The Process of Drawing Tile Patterns

Recently I started adding color to my drawing of a Portuguese tile pattern that I saw at the National Tile Museum in Lisbon, Portugal last summer (although I wrote Porto in my sketchbook). I love the way one block pattern can be complicated enough that it takes 16 tiles to show it!

These are some pictures taken during its progress to being currently somewhat painted. I typically work on my projects about 30 minutes at a time. For these tiles, I start with a pencil and ruler and mark out on my sketchbook page where I’m going to place them. I like to draw a solo tile, then in a group of four, and then, here, in a group of sixteen to show the additional pattern that is made. I find the center lines and diagonals in each square and then start sketching out the pattern. Sometimes I will draw the whole pattern first then ink it, but here the design was complicated enough and my hand would rub off the graphite, I inked some parts before I did more pencil. Once the whole page was inked, I scanned it so I have it available for the future - I was thinking of a coloring book of Portuguese tiles. Then, I added color to match the tiles I had photographed.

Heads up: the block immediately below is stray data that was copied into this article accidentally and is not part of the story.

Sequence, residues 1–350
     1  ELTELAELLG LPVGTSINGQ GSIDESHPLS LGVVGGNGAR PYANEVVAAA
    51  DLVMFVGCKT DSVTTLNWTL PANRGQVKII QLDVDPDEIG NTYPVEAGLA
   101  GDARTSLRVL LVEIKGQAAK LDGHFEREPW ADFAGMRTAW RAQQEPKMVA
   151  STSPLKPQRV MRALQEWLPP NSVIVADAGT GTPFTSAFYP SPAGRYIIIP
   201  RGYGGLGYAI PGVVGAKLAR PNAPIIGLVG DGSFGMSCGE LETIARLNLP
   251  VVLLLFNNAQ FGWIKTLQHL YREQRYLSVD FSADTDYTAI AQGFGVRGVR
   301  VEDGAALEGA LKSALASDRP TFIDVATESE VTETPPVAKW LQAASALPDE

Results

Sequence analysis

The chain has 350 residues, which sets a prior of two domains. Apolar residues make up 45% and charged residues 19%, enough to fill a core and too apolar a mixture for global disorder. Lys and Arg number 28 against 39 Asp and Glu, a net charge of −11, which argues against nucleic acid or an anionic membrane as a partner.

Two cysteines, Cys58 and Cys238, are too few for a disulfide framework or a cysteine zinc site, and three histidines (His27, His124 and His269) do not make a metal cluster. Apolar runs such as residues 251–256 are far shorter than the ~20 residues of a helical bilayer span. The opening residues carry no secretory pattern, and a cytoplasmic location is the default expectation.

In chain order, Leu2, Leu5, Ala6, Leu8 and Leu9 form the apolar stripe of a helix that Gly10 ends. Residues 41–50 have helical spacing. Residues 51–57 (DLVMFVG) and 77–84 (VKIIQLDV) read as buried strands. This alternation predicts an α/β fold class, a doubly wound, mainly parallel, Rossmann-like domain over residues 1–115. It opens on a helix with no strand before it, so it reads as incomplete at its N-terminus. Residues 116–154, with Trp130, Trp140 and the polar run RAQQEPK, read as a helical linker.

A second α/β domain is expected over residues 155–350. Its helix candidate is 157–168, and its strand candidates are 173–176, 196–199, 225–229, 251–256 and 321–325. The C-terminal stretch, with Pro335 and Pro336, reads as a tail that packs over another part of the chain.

It’s a time consuming but very satisfying process. I will continue to add blue watercolor to the rest of the drawing but I rather like partially complete painting too. I will scan that before I continue. Which do you like better - partially painted or fully painted?

My latest pet - and person - portrait

Finn and Nancy 2019-04-16 72dpi.jpg

Here is my latest pet portrait. This is of Finn and Nancy, his person. I love drawing different breeds of dogs because they are so unique. I really enjoyed this picture of Finn and Nancy because having them together really showed off just how large Irish Wolfhounds can get. Also, the two of them were clearly happy and content together.

Please contact me if you’re interested in me doing an ink and watercolor pet portrait commission for you. I work from your photos. Check the link for more information or email me at

Color and Value

I’ve been taking an Illustration 101 course recently offered by Tara Larsen Chang at Cloud 9 Art School. It’s been fascinating and it’s been fun to geek out with the latest topic of color.